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Lipase-Mediated Syntheses of Trimethylolpropane-Based Biolubricant and Cyclic Carbonate

Bornadel, Amin LU (2013)
Abstract (Swedish)
Popular Abstract in English

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Since the beginning of mankind, humans have managed to find ways to make use of the resources available at hand in order to survive and even to improve their livelihoods. The basic needs for food as well as other amenities were met from plant- and animal resources until the 19th century when industrial revolution changed the base of production to fossil sources. Access to coal initially followed by mineral oil and natural gas accompanied by ingenious chemistry and process development has provided us with unlimited number of products that are present in everything we use today. It has changed the way we live to an extent that it is difficult to think of a life without... (More)
Popular Abstract in English

Popular Summary

Since the beginning of mankind, humans have managed to find ways to make use of the resources available at hand in order to survive and even to improve their livelihoods. The basic needs for food as well as other amenities were met from plant- and animal resources until the 19th century when industrial revolution changed the base of production to fossil sources. Access to coal initially followed by mineral oil and natural gas accompanied by ingenious chemistry and process development has provided us with unlimited number of products that are present in everything we use today. It has changed the way we live to an extent that it is difficult to think of a life without these products.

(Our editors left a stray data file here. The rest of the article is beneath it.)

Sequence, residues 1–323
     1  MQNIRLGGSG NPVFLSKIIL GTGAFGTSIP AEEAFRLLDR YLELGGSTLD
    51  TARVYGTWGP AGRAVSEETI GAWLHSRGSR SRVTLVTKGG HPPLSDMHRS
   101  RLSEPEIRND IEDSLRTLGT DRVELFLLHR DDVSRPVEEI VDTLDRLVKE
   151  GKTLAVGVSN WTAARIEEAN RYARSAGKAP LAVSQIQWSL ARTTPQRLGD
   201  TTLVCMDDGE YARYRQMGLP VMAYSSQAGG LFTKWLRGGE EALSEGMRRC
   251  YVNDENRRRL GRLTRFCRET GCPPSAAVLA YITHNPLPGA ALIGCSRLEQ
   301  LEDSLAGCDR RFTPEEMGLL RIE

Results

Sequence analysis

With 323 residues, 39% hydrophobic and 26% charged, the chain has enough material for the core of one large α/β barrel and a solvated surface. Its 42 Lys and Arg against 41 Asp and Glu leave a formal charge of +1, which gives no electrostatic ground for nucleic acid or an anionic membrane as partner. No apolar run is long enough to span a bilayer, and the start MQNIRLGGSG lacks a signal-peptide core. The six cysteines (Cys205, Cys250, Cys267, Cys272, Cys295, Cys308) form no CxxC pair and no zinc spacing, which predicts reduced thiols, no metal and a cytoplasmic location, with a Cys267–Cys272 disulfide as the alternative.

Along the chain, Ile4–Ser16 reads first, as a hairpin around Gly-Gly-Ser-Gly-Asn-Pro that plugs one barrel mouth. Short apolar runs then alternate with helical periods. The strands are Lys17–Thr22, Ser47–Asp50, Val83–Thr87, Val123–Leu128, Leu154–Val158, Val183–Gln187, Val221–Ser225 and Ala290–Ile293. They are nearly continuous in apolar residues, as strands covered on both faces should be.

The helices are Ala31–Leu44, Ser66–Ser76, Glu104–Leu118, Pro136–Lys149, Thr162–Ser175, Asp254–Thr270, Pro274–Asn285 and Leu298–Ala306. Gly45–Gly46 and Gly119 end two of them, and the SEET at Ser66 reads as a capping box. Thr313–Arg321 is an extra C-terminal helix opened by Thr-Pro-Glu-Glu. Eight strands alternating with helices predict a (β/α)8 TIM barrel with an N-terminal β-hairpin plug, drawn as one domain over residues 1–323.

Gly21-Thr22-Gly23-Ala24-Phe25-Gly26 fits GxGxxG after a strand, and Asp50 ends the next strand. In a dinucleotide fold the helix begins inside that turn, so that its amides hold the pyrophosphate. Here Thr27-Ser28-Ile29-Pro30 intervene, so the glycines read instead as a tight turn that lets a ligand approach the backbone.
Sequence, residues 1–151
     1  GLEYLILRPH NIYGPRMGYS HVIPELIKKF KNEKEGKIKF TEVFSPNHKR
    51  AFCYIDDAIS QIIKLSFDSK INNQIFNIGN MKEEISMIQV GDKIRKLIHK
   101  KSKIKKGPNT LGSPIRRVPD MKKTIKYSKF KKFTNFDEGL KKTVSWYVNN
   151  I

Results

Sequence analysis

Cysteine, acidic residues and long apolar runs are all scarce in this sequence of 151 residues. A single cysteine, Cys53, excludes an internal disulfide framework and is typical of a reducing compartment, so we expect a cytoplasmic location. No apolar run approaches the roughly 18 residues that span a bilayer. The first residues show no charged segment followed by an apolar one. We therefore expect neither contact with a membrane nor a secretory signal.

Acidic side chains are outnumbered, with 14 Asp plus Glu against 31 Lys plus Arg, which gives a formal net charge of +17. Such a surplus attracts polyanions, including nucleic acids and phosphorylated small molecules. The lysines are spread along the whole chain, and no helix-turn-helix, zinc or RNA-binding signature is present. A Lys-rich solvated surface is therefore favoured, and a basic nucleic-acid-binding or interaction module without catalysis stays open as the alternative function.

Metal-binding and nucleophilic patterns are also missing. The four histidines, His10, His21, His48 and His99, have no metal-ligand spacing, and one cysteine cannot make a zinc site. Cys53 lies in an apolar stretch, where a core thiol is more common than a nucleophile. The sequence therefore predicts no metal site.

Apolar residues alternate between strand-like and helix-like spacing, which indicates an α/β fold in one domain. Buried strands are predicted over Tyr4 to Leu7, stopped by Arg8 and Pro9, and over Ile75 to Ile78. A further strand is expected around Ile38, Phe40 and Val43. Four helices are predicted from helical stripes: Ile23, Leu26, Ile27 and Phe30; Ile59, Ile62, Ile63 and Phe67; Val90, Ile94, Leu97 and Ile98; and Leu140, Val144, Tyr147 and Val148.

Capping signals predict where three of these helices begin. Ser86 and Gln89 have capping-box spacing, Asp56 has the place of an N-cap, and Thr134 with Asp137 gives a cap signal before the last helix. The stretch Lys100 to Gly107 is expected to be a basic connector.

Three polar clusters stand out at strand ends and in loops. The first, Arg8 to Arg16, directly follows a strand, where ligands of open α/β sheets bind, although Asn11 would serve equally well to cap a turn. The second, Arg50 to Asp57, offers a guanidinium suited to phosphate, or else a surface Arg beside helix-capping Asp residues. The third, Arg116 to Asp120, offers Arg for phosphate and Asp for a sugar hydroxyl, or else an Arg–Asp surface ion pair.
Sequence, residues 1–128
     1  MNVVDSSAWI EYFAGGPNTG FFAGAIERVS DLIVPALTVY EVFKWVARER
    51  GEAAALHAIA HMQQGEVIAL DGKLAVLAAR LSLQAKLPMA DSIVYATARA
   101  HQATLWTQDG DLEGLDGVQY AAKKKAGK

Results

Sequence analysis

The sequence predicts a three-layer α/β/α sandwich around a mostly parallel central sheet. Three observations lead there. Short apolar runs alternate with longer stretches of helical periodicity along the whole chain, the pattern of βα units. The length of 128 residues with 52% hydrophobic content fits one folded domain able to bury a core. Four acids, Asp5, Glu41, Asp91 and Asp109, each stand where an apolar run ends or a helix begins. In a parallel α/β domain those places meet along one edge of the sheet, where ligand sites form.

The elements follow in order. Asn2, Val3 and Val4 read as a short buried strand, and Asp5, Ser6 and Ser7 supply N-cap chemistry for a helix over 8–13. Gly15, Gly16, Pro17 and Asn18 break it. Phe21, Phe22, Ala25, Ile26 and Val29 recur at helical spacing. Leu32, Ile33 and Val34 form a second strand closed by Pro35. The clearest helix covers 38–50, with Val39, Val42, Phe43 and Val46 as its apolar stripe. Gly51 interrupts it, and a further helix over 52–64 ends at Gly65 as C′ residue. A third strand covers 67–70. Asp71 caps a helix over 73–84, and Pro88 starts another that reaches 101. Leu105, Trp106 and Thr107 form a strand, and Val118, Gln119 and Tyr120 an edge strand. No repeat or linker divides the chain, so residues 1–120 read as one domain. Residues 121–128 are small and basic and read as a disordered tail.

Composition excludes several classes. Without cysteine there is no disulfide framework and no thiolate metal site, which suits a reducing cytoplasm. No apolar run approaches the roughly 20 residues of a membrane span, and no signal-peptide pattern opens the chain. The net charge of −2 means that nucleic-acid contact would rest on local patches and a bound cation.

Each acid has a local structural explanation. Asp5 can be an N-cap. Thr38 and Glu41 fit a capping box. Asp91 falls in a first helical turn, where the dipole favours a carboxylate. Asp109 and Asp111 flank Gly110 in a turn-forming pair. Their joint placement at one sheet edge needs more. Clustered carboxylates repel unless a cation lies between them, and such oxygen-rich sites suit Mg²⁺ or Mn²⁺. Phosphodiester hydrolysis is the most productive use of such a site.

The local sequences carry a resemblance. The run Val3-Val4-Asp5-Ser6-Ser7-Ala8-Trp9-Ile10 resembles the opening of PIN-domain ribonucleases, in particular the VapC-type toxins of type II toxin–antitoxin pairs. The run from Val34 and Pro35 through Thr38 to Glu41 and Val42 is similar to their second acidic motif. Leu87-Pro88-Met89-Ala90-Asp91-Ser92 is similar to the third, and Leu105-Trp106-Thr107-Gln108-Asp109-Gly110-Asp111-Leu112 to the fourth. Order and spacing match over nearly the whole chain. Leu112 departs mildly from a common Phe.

All the development has of course come at a cost - to the environment and health, the effects of which have started to be felt in terms of increased greenhouse gas emissions, toxic discharges to wastewaters, oceans, persistent pollutants in soil and ground water, climate change, etc. Moreover, the fossil reserves that have taken millions of years to build up, are depleting rapidly. This has led to an increased awareness and demand for alternative renewable resources, toxic-free, environment-friendly production process and nontoxic, biodegradable products. This has provided an interesting challenge to the scientists and engineers to consider the possibilities of developing new or improved products that fulfill the market demand and innovative technologies for processing a different raw material and not posing an environmental burden. Among the several alternatives, industrial biotechnology using microorganisms and their enzymes has gained increased attention for production of chemicals, materials and energy.